tissues. And such studies are limited in oral cancer.

Since metastasis of oral cancer occur frequently through the lymphatic system, and
metastasis is a key prognostic factor for the disease. Evaluation of the relationship
between SDF-1/CXCR4 system and metastasis in oral cancer could help us understand whether
this system is important in the metastasis of this disease.

We hypothesized that SDF-1/CXCR4 (ligand/receptor) system plays an important role in oral
cancer metastasis. To test this hypothesis, we will investigate (1) the distribution of
CXCR4 protein expression in cancer and lymph node tissues by means of immunohistochemical
analysis of tissue samples obtained from surgical operation, (2) the relationship between
CXCR4 expression and clinicopathological findings with special reference to cancer
metastasis, (3) the expression of SDF-1 and CXCR4 in the cancer cell lines cells and
tissues, (4) the chemotactic activity and the growth-promoting effect of SDF-1 on cancer
cell lines cells, (5) the role of Src, MAPK, and Akt signal transduction pathway in this
response, (6) the effect of the blocking agent on this response.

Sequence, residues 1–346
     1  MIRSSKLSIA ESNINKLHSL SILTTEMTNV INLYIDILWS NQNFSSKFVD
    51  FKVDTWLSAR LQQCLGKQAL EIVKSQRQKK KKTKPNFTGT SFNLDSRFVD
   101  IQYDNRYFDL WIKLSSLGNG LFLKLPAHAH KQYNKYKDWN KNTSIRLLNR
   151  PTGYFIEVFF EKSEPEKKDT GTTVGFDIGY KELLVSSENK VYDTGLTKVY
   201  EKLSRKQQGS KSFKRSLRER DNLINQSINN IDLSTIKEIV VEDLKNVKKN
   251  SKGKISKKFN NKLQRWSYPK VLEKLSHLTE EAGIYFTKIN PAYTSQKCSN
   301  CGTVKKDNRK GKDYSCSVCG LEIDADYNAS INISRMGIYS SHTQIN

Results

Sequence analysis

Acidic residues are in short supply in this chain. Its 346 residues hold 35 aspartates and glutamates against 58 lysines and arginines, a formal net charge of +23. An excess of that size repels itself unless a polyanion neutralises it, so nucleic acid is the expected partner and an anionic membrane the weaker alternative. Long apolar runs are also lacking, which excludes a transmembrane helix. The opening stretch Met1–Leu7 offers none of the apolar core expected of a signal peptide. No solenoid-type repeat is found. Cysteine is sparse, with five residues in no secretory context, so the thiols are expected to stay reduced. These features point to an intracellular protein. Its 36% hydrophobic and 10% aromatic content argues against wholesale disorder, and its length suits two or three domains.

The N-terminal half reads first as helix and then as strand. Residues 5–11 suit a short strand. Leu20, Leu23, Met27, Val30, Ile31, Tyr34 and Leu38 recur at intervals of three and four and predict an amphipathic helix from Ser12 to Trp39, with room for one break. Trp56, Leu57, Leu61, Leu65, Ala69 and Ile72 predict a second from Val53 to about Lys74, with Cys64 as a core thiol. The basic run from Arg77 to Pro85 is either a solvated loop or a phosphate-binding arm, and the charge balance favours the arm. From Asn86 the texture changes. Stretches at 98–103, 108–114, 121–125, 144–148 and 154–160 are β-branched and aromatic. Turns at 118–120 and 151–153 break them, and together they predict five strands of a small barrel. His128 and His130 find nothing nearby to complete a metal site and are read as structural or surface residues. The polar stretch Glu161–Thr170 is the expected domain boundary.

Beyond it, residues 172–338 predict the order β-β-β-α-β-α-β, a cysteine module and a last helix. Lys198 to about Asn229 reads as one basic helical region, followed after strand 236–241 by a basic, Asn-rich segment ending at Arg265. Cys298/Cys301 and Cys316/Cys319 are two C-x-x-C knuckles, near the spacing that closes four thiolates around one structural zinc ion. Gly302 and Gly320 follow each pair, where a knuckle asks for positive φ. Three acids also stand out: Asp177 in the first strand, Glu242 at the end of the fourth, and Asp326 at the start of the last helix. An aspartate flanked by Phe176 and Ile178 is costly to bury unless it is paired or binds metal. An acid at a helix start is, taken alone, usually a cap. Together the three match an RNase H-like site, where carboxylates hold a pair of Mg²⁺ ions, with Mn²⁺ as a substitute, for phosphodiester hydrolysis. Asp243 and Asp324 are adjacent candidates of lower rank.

Undoubtedly, the findings of this study will help us understand whether SDF-1/CXCR4 system
could be a focal point of anti-cancer research. If oral SCC that express high levels of
CXCR4 show a consistently higher incidence of lymphatic and distant metastasis, then
blocking SDF-1/CXCR4 signaling may be a novel approach to inhibit metastasis in these
patients. The development of SDF-1/CXCR4 system antagonists will provide opportunity to
improve the survival rate.

Inclusion Criteria:

- Oral squamous cell carcinoma

Exclusion Criteria:

- other pathological type

Type of Study:


Study Design:

Allocation: Random Sample, Observational Model: Natural History, Time Perspective: Longitudinal, Time Perspective: Retrospective/Prospective

Principal Investigator

Ching-Ting Tan, MD, PhD

Investigator Role:

Principal Investigator

Investigator Affiliation:

National Taiwan University Hospita;


Taiwan: Department of Health

Study ID:




Start Date:

January 2006

Completion Date:

July 2006

Related Keywords:

  • Oral Cancer
  • oral cancer
  • CXCR4
  • stromal-cell-derived factor-1(SDF-1)
  • metastasis
  • Carcinoma, Squamous Cell
  • Mouth Neoplasms
  • Lip Neoplasms